Being a hoarder means someone's in need...
It’s not easy being an obsessive, writes Alastair Gilmour. There’s a lot of fun to be had to begin with as you develop a mania for something. But the landscape eventually alters.
I collect all things beer. And wine. And whisky. And they all started as a ‘bit of fun’. And when I say ‘collect’, I mean accumulate, stockpile and hoard to the point of getting out of hand. My thing involves bottle tops, beer mats, tin trays, books, artworks and glassware. I have a library on the subjects – 140 books on the shelves behind me as I write and about the same number scattered around the house. I grow hops in my allotment and roses in the garden that nod in appreciation of Glenfiddich, Bourbon Queen and Whisky Mac. Images of pubs and drinkers adorn every home surface. I can’t remember how it started and don’t know when to stop.
I now call myself a collector if only to stop my hands shaking when I spot something as innocuous as a brewery postcard in a second-hand bookshop.
In a 2004 research paper*, psychologists William D McIntosh and Brandon Schmeichel define collectors as belonging to four categories.
The personal collector, they deduce, finds something they love and soon become heavily involved in finding as many of the objects as possible.
The inquisitive collector tends to do it out of curiosity – more of an investment which they’ll sell when the time is right.
The hobbyist collects purely for the enjoyment of hoarding and has no specific attachment to objects, yet enjoys searching for uncommon items.
The expressive collector sees objects as an extension of who they are. They gather as much information as possible and form emotional attachments to them.
I am one of four, but no longer know exactly who I am.
My beer mats range from 1960s British lager to 21st century American sour mash and I even toyed with the idea of contacting the person whose address turned up on a Stella Artois beermat in a pub in Bruges. The scribbled location is a small village in The Netherlands called Einden and its mystery has long stoked my imagination. A secret message, perhaps? Was it left on the table as an undercover agent’s rendezvous? Did I inadvertently bring the world to its knees when I pocketed the thing and cut off the spies’ line of communication?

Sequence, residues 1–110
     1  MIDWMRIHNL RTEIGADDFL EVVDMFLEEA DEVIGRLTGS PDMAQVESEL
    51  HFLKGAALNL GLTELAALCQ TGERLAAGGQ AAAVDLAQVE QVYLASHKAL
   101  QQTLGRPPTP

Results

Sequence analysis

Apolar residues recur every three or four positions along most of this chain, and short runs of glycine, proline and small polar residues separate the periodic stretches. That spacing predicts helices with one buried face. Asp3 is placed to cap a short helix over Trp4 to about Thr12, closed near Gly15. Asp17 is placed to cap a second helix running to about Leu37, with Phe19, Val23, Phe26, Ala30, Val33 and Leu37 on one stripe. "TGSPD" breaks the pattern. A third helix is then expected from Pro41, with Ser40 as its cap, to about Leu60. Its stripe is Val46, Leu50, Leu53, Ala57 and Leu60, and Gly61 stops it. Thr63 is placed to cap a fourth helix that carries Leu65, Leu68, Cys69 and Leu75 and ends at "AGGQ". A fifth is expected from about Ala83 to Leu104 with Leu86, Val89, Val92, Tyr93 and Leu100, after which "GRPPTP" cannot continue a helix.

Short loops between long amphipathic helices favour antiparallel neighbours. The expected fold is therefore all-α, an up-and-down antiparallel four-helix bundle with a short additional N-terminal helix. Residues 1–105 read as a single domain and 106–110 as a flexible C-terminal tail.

Is it a lovers’ exchange? Einden is an anagram of In Need, so romance has to be factored in. This is the lot of the personal collector, he or she can’t let anything lie.
The collecting-wise, there are the wine corks – an idea borrowed from a Darlington wine merchant. He used them for firelighters, but our pile just keeps growing and growing. I wouldn’t burn them anyway, they’re too… collectable). Here is a hobbyist at work.
My favourite battle-scarred tin tray dates back to who knows when. Inscribed around its circumference is ‘Mabel, Black Label’. Presumably Mabel is the barmaid pictured handing out bottles of Carling Black Label British Lager Beer to thirsty customers. This represents the collector who can’t explain why he has invested in such trivia in the first place but would never dream of parting with the booty.
I’ve got boxes of ‘pre-loved’ bottle tops, bartenders’ aprons and Czech brewery tablecloths; postcards are waiting to be framed, posters still unrolled and a 1970s 56-gallon oak whisky cask in the garage. It’s empty.Books are an occupational hazard – some are dipped into for reference, others I’ve read through and through, and several I’ve even written or helped write. I swear wine connoisseur Robert Joseph squints in the light when his Ultimate Encyclopaedia of Wine is slipped free from its neighbours The Good Bottled Beer Guide and Classic Blended Scotch. The marker lodged between pages 72 and 73 suggests something pre-74 interrupted my flow. Beer probably.
So, am I an inquisitive collector? Am I a hobbyist? Expressive? Something personal? I have matters to address, things to attend to. Perhaps being a collector is much more complex than I’ve ever realised – plus I’m likely under surveillance following the beermat episode in Bruges. I’m In Need.
*Collectors and Collecting: A Social Psychological Perspective. William D McIntosh and Brandon Schmeichel, Georgia Southern University, Statesboro, Georgia, USA.